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Tyler, the Creator
Photograph: Mark Peckmezian

Watch the best music videos of 2017

Flaming swords, breathtaking CGI, mind-bending narrative twists—the best music videos of 2017 have it all

Written by
Christopher Tarantino
Ro Samarth
Zach Long

Let's face it—there wasn't another Lemonade this year (refer to our list of the best music videos of 2016). But despite there being no long-form epics of quite the same scale, artists like Grimes and Kendrick Lamar (the latter of whom owns the top spot on our best albums of 2017) showed us how to pack similar levels of visual maximalism into regular-length formats. But it's not all about high-production and dense drama—some of the best music videos of 2017 deferred to simple narratives, smart visual devices and "negative space" (see: Hookworms). Whether it's extreme CGI or minimalism, indie-rock bands or dance music, we've rounded up the year's best music videos of every stock and stripe.

RECOMMENDED: Full guide to the best of 2017

Best Music Videos of 2017

1. “You're So Cool” by Johnathan Bree

New Zealander Jonathan Bree is 50% of the Brunettes, 50% of Lil’ Chief Records and 100% the boldest and weirdest music video director working today. He dreams up trippier sights for his already trippy sounds for 2017’s best video from the 1960s.—Christopher Tarantino

2. “Shadow” by Chromatics

Like a synth-pop Kanye, Johnny Jewel releases music at his own leisure, and is never quite done tinkering, that is, unless David Lynch calls. Jewel created 20 hours of new music for Twin Peaks, including a new version of 2015’s “Shadow” with a Lynchian, Easter-egg-filled video. Lynch, in turn, featured the band on screen three times throughout his show’s newest season.—Christopher Tarantino


3. “Who Dat Boy” by Tyler, The Creator

In this self-directed video, Tyler erratically stumbles over to A$AP's house, so that the two can get up to surgical mayhem. The perturbing imagery of Tyler's new sewn-on face contrasts to the video's mock indie-funk outro, reminding us of the artist's equally playful tendencies that make his disturbed bedlam so compelling.—Ro Samarth

4. “Get Lost” by Washed Out

It takes a true animator to draw life from inanimate objects, and by that litmus test, Harvey Benschoter without a doubt fits the bill. Using only still photos from magazines and images from advertisements, Benschoter brings to life an imaginary Southern California of the 1980s that feels even realer than actually being there.—Christopher Tarantino


5. “Too Fast” by Sonder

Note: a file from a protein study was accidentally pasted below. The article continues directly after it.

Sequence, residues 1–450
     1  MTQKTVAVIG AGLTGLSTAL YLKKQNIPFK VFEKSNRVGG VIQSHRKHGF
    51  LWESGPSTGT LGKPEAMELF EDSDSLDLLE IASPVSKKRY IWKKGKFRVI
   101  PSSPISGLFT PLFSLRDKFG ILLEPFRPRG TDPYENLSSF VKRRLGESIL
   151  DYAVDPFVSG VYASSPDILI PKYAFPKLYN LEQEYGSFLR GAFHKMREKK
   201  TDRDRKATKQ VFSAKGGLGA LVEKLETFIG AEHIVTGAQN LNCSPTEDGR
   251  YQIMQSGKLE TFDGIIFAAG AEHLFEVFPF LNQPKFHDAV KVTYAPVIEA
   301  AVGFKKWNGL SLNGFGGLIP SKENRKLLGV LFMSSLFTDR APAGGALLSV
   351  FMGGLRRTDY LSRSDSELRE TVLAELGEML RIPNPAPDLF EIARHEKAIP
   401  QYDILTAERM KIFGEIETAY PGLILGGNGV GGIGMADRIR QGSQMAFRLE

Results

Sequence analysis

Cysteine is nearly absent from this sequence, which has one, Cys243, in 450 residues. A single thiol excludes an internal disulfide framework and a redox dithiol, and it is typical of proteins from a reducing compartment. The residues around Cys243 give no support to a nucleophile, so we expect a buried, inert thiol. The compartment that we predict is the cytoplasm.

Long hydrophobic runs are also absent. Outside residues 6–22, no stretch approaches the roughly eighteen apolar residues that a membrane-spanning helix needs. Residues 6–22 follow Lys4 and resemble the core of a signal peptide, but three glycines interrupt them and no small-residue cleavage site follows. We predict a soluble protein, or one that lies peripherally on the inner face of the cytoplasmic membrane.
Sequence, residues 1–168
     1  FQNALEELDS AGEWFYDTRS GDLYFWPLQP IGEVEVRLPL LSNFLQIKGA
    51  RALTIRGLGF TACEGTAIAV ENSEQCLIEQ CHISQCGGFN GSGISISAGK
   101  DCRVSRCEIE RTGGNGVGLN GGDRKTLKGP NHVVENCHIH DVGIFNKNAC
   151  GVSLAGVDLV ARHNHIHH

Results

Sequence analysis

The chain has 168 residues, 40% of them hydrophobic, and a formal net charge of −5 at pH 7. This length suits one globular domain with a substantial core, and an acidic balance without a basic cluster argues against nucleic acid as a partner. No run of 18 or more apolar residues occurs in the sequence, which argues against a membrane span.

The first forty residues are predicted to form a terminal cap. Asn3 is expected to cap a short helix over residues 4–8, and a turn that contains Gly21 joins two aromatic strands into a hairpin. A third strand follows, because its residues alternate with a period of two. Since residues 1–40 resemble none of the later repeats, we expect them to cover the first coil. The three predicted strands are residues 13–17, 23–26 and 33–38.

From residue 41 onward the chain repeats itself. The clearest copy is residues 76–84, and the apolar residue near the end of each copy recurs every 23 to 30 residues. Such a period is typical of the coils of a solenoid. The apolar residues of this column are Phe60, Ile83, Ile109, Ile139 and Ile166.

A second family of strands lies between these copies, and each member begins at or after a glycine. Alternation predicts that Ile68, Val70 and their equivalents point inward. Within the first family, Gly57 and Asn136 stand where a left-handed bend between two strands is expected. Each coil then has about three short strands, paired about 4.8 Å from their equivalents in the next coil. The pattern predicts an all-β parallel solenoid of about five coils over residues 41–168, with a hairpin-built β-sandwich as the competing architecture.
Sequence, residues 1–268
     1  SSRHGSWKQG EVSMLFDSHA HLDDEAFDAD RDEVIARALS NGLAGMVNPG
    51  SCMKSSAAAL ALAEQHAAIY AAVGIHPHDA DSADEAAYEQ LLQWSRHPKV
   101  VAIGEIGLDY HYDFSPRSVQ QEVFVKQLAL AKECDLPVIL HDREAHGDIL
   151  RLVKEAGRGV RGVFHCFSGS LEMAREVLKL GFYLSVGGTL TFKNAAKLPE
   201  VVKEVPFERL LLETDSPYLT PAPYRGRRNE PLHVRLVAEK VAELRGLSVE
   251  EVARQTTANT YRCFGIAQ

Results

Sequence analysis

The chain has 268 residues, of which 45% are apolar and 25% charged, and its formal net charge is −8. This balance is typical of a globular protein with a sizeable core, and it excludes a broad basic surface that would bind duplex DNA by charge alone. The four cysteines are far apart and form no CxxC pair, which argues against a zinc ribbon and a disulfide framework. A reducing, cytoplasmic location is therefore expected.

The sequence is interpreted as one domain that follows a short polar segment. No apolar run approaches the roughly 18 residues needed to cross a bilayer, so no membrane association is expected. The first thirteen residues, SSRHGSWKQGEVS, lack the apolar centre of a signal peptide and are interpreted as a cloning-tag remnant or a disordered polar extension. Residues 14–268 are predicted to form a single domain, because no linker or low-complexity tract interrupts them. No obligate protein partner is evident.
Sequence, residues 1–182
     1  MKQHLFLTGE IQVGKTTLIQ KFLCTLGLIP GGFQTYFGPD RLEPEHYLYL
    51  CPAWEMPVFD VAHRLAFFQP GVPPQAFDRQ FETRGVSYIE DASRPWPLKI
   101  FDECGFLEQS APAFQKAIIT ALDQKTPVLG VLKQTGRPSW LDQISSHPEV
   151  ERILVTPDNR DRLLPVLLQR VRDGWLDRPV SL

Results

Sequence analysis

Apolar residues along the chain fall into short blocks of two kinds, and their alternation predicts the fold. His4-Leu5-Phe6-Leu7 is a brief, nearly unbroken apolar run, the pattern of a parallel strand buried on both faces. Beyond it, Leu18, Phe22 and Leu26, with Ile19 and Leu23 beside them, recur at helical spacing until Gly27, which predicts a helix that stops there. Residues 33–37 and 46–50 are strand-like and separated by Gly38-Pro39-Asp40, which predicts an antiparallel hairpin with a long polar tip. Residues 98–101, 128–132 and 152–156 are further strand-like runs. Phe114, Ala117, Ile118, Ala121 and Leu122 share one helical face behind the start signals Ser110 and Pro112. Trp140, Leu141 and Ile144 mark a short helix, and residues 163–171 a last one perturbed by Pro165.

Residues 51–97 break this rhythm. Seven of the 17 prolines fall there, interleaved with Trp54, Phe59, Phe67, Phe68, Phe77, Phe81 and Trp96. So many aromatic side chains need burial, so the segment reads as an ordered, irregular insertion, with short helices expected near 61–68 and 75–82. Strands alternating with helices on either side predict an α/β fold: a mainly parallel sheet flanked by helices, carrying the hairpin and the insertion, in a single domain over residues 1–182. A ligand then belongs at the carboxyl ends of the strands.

Sonder took many months—nearly half of the band’s actual existence—to release “Too Fast,” its debut music video, but it was worth the wait, it seems. This beautifully cinematic film perfectly matches Sonder’s style of “organic R&B,” akin to Justin Vernon if his musical brain was split into three talented young producers. A group to watch.—Christopher Tarantino

6. “Is it Always Binary?” by Soulwax

Also, an apt description of 2017’s socio-political climate, Soulwax’s latest single off their single-take LP From Deewee is a paradise for tech-nerds and about as close as one can get to seeing the band live from the comfort of one’s own laptop.—Christopher Tarantino


7. “Go Up” by Cassius feat. Cat Power & Pharrell Williams

Cassius’s long-time coming album Ibifornia was a way-too-overstuffed mélange of ideas, styles, genres, and “special” guests. Which is also exactly the way one would describe this clip for “Go Up,” except that, in this case, it all works.—Christopher Tarantino

8. All of the 2017 videos by Kendrick Lamar

Whether he’s nodding along with a sea of Kendrick Malkovich's (“HUMBLE”), getting taught to defend himself as a kid by his dad (“ELEMENT.”), trading verses with Don Cheadle in an interrogation room (“DNA.”) or fighting off a sea of asphalt quicksand with Rihanna (“LOYALTY.”), his 2017 visual assault made everyone say DAMN.—Christopher Tarantino


9. “Venus Fly” by Grimes ft. Janelle Monae

Thankfully, Grimes has only developed a stronger and stronger will toward maximalism the past few years—fully evident as she wields flaming swords and futurist outfits with Janelle Monae in this vividly fluorescent, visually captivating video.—Ro Samarth

10. “Old Wounds” by PUP

Leave it to some Canadian punk rockers to push the bounds of the music video format (thanks to embedded YouTube linking) with an expansive “choose-your-own-adventure” narrative pulling from a collection of 73 videos. “Old Wounds” puts viewers in the shoes of PUP’s tour manager in a branching storyline that can take you from ordering a post-show pizza to escaping an alien abduction.—Zach Long

Looking for more year-end goodness?

The 50 best uses of songs in movies
  • Film
  • Action and adventure

Colloquially, it used to be called the "needle drop"—when a Martin Scorsese or Quentin Tarantino picked a piece of preexisting music and laid it down under a dramatic scene, with seismic results. We've thumbed through our stacks of wax (i.e., Blu-ray collections) to collect cinema's most potent examples, allowing for iconic uses of classical music and jazz along with the expected pop hits. One parameter, though: no songs composed for the movie itself. (Sorry, Simple Minds.) The result is our most toe-tapping list to date. But do let us know if we've left out your favorite jam.

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